To set up for this pose find a comfortable seat and lengthen your left leg out long in front of you. Then step your right foot across the left leg. Right foot is on the ground just above the knee. Then take a rolled towel or blanket and place this in the groin/hip joint area on the right side of the body. The thickness of the roll will depend on your body and you will need experiment and to find a diameter that is right for you. I like mine about 2/3 inches thick. Then place the right hand on the floor outside your right hip for support and take your left arm and hug your right knee in towards you. Make sure both sit bones are equally weighed to the floor. You want to stay still in this pose for anywhere up to about three minutes on each side and focus on your breath. Using the diaphragmatic breathing from article 1, inhaling the breath into the belly and feeling the belly push out against the roll. Then, as you exhale, feel the roll push back into the belly.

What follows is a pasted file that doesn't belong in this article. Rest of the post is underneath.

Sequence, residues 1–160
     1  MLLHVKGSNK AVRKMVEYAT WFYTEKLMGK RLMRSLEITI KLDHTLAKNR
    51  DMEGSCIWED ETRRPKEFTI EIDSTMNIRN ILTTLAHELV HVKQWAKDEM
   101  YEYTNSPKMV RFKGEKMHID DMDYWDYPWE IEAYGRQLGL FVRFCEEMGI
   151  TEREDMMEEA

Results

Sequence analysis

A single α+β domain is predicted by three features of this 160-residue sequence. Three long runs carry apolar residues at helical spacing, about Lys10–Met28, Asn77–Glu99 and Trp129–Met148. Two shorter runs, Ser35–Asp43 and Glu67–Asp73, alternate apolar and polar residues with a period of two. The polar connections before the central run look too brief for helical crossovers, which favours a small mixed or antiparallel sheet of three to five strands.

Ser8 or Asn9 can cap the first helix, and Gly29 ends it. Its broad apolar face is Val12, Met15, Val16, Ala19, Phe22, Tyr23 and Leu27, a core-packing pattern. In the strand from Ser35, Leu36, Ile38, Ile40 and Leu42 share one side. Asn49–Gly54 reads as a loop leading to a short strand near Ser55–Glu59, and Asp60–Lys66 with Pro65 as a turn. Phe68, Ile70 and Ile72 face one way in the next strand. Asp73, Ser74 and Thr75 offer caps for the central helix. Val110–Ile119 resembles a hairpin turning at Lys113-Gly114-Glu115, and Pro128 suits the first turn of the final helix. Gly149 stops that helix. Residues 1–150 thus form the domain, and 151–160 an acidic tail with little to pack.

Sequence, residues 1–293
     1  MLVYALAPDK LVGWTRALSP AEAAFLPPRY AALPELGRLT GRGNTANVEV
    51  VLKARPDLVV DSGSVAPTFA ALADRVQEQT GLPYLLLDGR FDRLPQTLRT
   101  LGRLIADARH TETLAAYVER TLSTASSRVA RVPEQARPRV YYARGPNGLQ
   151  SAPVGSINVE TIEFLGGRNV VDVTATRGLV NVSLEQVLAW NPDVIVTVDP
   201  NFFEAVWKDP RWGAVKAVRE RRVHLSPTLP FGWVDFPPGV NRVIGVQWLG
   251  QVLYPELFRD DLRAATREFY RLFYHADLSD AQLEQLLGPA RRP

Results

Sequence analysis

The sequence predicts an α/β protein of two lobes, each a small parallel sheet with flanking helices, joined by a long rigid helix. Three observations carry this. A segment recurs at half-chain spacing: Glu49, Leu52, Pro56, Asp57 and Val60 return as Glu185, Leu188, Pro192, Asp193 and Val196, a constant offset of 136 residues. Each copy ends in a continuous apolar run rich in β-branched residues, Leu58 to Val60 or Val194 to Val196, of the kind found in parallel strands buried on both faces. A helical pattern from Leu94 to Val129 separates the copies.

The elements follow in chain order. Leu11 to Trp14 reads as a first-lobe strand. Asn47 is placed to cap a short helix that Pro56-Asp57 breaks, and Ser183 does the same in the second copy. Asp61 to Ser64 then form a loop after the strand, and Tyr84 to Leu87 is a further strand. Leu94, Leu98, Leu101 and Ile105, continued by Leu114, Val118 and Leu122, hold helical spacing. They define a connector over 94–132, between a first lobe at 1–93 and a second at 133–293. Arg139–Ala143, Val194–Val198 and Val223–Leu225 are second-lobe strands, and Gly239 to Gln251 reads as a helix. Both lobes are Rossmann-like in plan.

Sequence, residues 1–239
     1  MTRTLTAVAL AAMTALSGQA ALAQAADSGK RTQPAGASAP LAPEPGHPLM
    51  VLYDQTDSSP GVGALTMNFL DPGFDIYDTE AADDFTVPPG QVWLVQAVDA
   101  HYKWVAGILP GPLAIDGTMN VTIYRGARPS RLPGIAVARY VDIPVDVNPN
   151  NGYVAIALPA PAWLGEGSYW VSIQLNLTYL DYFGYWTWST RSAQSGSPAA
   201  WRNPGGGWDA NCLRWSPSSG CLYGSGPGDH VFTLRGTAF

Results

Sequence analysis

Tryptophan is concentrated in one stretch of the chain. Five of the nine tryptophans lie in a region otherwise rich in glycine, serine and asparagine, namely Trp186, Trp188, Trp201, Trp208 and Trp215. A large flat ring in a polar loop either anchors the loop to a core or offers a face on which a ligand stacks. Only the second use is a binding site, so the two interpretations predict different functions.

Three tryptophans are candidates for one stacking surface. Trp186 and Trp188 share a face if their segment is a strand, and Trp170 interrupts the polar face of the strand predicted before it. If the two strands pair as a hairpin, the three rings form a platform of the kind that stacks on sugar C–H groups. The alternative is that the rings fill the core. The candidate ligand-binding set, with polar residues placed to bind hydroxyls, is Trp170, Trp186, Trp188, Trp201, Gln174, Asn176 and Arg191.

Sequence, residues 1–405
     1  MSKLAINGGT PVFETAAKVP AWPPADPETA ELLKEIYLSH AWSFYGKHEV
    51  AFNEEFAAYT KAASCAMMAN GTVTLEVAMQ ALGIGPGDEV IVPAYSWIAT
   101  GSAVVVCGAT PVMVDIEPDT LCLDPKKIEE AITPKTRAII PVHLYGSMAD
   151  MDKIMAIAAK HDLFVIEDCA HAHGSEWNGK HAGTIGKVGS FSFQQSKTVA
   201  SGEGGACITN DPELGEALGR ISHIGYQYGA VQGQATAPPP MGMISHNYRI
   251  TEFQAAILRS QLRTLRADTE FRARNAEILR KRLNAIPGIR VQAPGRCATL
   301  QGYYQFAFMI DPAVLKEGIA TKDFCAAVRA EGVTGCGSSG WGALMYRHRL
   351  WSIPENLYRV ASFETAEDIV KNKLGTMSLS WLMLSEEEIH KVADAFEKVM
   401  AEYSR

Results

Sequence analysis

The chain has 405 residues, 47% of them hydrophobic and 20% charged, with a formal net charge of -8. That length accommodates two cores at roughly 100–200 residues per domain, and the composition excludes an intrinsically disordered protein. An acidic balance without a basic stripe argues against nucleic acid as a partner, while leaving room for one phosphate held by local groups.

Using the diaphragmatic breath technique in this shape will create some compression and then opening on the belly and groin area where the lymph nodes congregate. Remember, the lymph system is the transportation system of the immune system and it doesn’t have a pump so it relies on changes in pressure around the joints to stimulate lymphatic flow.
Salamba Bhujangasana (Sphinx Pose)